Congrats to 1st Wife Mikki G who is retiring this month after 34 years of working at the Navy Federal Credit Union. Wasn't it just yesterday that I saw her walking on 4th street near the Women's Quad at Howard? Mikki always listening to those Smokey Robinson songs. Her love made me believe in miracles. What becomes of such glitter? What endures? Is it the type of love old folks told me about?
Dancer Liz Lerman is mailing out her "Seven Ways To Be Creative." I like two of them:

Embarce paradox. Hold two ideas in your head at once. Find something to respect at both ends of the spectrum.

Turn discomfort into inquiry.
So you leave town for a few days and the future flirts with the past but keeps walking. The DC Arts Commission is moving to a new location: 2901 14th Street, NW. The new chair is Anne Ashmore-Hudson.

Fenty selected a chancellor for eduction. So glad he got away from career superintendents who move from one city to another like old NBA coaches. Michelle Rhee might be some fresh air.But check the Washington Post editorial yesterday for a hanging slip onfnonsense - "That she is a Korean American woman seeking to head a system serving mostly African American children will disappoint some." The "some" must be the pockets of nationalists and Washingtonians who number more than the pandas in this city. DC is beginning to have a multicultural face in terms of new power and decision making. I like how Fenty is making tough decisions and not involving too many chefs. What he is doing is making a power statement. It's important that he be his own man in his first year. Looks like the fun is just getting started. Yes to Rhee. The world is not just white and black. How African Americans work with Koreans and other people of
color is the challenge of the 21st Century.
Monitor your credit reports regularly for errors. You can order your credit reports at:
I'm back from Jacksonville. The birthplace of James Weldon Johnson. I gave a talk on Langston Hughes at the Main Library. A nice short trip. A chance to have dinner on Monday with my cousin Ken. His mom was my favorite aunt and Godmother. All our New York years reduced to memories and photographs. We sat at Benny's Steak & Seafood looking at the river by The Landing, eating Mahi-Mahi and Salmon. The clock watched our laughter disappear into the night.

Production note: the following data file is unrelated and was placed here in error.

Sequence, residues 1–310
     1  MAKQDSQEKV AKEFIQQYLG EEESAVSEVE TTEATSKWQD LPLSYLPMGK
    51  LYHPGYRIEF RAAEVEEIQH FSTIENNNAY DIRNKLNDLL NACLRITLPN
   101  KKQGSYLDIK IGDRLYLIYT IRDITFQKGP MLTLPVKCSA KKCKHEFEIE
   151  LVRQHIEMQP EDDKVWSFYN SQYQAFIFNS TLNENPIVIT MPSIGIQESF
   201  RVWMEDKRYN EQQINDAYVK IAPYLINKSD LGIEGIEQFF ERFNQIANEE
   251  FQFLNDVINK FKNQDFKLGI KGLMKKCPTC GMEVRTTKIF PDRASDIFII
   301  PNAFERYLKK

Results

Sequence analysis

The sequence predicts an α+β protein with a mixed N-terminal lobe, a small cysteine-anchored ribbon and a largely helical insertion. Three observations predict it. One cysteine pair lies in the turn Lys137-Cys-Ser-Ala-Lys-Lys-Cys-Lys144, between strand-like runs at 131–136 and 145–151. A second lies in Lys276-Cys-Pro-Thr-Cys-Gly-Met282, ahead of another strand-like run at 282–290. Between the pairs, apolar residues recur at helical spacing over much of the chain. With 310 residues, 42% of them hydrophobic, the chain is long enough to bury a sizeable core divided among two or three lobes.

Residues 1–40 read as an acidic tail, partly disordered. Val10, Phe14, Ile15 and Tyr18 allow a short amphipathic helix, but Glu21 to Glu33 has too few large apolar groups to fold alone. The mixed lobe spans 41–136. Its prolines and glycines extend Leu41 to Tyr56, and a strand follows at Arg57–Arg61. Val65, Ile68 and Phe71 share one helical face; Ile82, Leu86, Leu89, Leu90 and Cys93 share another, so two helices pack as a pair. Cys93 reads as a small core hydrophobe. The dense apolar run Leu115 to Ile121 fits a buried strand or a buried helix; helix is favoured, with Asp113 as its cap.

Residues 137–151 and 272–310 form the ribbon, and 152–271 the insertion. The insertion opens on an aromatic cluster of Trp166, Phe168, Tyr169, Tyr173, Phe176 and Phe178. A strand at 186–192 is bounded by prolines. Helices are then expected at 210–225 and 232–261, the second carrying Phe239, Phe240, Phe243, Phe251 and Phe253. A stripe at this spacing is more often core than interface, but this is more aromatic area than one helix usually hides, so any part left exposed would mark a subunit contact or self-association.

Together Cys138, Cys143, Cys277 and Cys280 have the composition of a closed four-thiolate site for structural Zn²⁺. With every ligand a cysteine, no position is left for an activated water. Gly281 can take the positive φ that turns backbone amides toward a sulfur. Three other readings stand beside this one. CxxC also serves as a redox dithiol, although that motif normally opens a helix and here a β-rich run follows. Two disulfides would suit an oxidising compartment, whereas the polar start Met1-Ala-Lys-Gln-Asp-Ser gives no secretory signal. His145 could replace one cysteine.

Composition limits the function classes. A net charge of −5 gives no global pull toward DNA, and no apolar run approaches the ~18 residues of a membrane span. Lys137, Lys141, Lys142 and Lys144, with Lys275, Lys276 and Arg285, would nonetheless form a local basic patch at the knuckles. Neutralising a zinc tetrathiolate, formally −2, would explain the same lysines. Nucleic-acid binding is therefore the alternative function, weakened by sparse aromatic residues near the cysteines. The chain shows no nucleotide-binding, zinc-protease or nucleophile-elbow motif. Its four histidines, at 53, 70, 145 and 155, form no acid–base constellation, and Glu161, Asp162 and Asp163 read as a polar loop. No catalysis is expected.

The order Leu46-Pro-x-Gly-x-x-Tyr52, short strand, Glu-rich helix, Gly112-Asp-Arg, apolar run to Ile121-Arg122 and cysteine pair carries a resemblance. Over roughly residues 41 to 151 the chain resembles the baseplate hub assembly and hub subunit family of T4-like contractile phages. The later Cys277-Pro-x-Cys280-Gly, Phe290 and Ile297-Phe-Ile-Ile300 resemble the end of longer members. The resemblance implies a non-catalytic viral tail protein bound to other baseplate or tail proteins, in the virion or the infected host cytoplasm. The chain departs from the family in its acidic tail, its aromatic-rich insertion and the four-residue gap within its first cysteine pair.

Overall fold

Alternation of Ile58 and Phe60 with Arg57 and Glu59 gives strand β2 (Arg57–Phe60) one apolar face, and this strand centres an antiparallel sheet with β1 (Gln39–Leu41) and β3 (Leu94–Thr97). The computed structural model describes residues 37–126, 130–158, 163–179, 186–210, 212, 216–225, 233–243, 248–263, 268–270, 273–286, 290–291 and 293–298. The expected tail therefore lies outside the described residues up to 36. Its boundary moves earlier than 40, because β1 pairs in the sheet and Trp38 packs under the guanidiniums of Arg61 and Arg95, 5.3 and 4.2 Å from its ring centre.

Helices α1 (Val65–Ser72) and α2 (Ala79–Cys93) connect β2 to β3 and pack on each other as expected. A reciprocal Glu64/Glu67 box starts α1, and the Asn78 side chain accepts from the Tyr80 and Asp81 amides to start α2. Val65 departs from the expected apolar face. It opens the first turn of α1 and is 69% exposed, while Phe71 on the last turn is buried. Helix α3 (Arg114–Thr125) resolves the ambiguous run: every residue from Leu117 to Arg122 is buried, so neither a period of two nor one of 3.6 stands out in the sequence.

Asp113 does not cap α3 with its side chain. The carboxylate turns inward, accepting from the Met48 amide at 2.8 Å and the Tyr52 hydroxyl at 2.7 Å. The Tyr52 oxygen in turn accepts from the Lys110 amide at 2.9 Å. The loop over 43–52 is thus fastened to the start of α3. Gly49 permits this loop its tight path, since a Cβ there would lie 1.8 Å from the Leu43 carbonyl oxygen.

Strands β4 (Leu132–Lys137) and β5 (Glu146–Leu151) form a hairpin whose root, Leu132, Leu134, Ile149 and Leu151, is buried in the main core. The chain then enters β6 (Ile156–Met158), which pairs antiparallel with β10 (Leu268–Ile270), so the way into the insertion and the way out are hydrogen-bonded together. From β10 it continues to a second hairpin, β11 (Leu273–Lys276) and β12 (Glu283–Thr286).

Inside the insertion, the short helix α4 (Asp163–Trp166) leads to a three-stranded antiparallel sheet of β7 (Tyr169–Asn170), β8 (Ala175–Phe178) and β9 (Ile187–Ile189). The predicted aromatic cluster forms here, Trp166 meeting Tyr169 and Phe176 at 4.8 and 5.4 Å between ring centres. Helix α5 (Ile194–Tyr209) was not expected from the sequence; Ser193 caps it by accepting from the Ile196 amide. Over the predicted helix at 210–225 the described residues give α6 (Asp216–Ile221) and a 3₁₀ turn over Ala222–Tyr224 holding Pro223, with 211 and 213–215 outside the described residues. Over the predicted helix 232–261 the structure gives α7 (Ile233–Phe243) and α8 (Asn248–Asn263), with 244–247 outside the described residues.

Being away from DC gave me a good opportunity to work on my second memoir. I wrote a key passsage that I think will define everything I've been feeling the last few years.

Monday, June 11, 2007

New York Times: June 11th.

"The country, one of the poorest in the region, has just issued three postage stamps bearing Mr. Bush's likeness, and a street in front of the Parliament building has been renamed for him. At the mosque in the center of town, Uncle Sam hats were stacked in a window seat in the prayer room."

But what about Uncle Sam's shoes?
OK who gave the OK for Bush to get so close to the crowd in Albania? If you check the picture on the front page of The New York Times you can tell it was the White House. Notice the flag in the crowd. It's the type you give out to schools and folks at the Republican Convention. Wave. Wave. Cheer and smile.

I'm certain the crowd consisted of some type of Albanian club or government agency that was treated to some eats afterwards. Bush is low in his ratings. Somewhere you need someone to show you a little love. I saw footage of this Albanian parade and thought it was good therapy for the Prez.

It's hard to smile when you are fighting an unpopular war. Don't you just love being in Fusche Kruje?
Tony, Tony, Tony.
Give Parker the MVP award if the Spurs win the next 2 games in Cleveland. This guy set the tone in the first game. Yesterday he just placed his sneaker on the pedal and kept it there. James looks like a kid out of high school and in his first NBA Finals. He will need 40 points in a game for the Cavaliers to win something.
Who knows - Cleveland could win the next 2 games and the NBA leadership and television folks will be happy. What's a country without drama?

Matsuzaka is 7-5. Let's see what this guy doe slate in the season.
Ousmane Sembene is dead at 84. The Senegalese filmmaker and writer was a key figure in Africa's postcolonial cultural awakening. He was seen as the father of African cinema. Be sure to see BLACK GIRL which he made in 1965.
Sembene knew how to explore tradition and modernity. Some of his films were also wonderful for their humor.
I have an old copy of his movie MANDABI in my African American Resource Center at Howard.
Many years ago I remember working in my office and he walked in. Wow...

Sunday, June 10, 2007

What's missing from our lives? It might be songs by Gamble & Huff. We need a steady dose of their music - play their songs wherever there is a crib or a woman expecting a child. Love music before a child leaves the womb. Don't you miss the lyrics? I don't know about you but that's "Where I Wanna Be."

Why are we letting our music kill us today?

Where are the new spirituals? What song can I sing that will lead me out of this bondage?
We need someone to blow the trumpet (again?). Our ears need to be free. Don't you want to be free?

We download when we need to UPload. Reach! Don't let the music you listen to - kill you.

----and then John Coltrane wrote Meditations.
Paris Hilton Unplugged? Maybe this is the real story here. If young people have become addicted to a way of life - what happens when they have to go cold turkey without a cellphone or silly conversations. It's just you and the walls. Who are you? What is life really about? During a time of celebrity culture, what happens when someone gives you a number and a cell?

Who will get the first Paris Hilton interview? Will she become a spokesperson for people behind bars? Bono has Africa. Might Paris speaks for "political" prisoners?